"When considering the nature of the cultural and genetic exchanges that occurred between Neanderthals and modern humans at the time of contact in Europe, we should recognise that identical levels of cultural achievement had been reached by both sides." (source here)
We have had a long-sustained exposure to the idea that Neanderthals were sub-human. They have been presented as slow, lumbering, dim-witted and brutish! Most people are likely to think that Neanderthals could not use words to speak. Will the new research change perceptions?
"It's very difficult to dislodge the brutish image from popular thinking," Professor Stringer told BBC News. "When football fans behave badly, or politicians advocate reactionary views, they are invariably called 'Neanderthal', and I can't see the tabloids changing their headlines any time soon."
The situation we find ourselves in has come about because the Darwinist explanation of human origins has been adopted by our culture. The Darwin origins myth requires a gradual evolution of both anatomy and culture - from ape to man. Neanderthal Man has been part of this story - he is the archetypal intermediary. Despite many evidences to the contrary, little has been done to remove the myth. Indications of cultural sophistication were interpreted as Neanderthals trading artefacts with modern humans, or imitating without understanding. This is a good example of 'saving the paradigm' in a Kuhnian sense, whereby the old paradigm clings on by force-fitting contrary evidences into the accepted theoretical model. It is time to discard the Darwinian mindset that presupposes gradual evolution. Let researchers be free to approach the evidence with multiple working hypotheses and engage in a more rigorous programme of hypothesis testing and analysis.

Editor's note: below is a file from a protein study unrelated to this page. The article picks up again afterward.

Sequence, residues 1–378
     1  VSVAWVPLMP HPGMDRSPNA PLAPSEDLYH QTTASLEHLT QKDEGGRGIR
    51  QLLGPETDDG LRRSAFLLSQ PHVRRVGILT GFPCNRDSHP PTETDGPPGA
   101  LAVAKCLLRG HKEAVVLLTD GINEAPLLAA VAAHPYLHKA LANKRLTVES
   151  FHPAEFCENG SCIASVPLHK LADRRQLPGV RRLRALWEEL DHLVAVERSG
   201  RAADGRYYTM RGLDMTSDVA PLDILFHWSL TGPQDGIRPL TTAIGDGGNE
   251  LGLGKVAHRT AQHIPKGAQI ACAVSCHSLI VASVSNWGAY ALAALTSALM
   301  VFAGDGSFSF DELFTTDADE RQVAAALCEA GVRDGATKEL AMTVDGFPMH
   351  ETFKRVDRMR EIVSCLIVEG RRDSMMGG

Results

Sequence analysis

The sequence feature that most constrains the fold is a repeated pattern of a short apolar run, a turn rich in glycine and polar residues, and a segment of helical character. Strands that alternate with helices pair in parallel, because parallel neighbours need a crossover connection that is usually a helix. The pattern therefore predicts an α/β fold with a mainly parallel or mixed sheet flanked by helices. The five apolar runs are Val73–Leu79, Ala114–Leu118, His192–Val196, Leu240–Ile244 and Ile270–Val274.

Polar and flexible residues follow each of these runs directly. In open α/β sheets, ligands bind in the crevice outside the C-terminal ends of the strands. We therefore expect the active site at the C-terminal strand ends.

Symbolic use of marine shells and mineral pigments by Iberian Neandertals
Joao Zilhao, Diego E. Angelucci, Ernestina Badal-Garcia, Francesco d'Errico, Floreal Daniel, Laure Dayet, Katerina Douka, Thomas F. G. Higham, Maria Jose Martinez-Sanchez, Ricardo Montes-Bernardez, Sonia Murcia-Mascaros, Carmen Perez-Sirvent, Clodoaldo Roldan-Garcia, Marian Vanhaeren, Valentin Villaverde, Rachel Wood and Josefina Zapata
Proceedings of the National Academy of Sciences, published online before print January 11, 2010 | doi:10.1073/pnas.0914088107
Abstract: Two sites of the Neandertal-associated Middle Paleolithic of Iberia, dated to as early as approximately 50,000 years ago, yielded perforated and pigment-stained marine shells. At Cueva de los Aviones, three umbo-perforated valves of Acanthocardia and Glycymeris were found alongside lumps of yellow and red colorants, and residues preserved inside a Spondylus shell consist of a red lepidocrocite base mixed with ground, dark red-to-black fragments of hematite and pyrite. A perforated Pecten shell, painted on its external, white side with an orange mix of goethite and hematite, was abandoned after breakage at Cueva Anton, 60 km inland. Comparable early modern human-associated material from Africa and the Near East is widely accepted as evidence for body ornamentation, implying behavioral modernity. The Iberian finds show that European Neandertals were no different from coeval Africans in this regard, countering genetic/cognitive explanations for the emergence of symbolism and strengthening demographic/social ones.
Tyler, D. Images of evolution as secular icons, ARN Literature Blog (10 April 2009)
Tyler, D. The cognitive skills of Stone Age Man, ARN Literature Blog (29 June 2009)
Tyler, D. Darwinist thinking on the origin of religion, ARN Literature Blog (9 November 2009)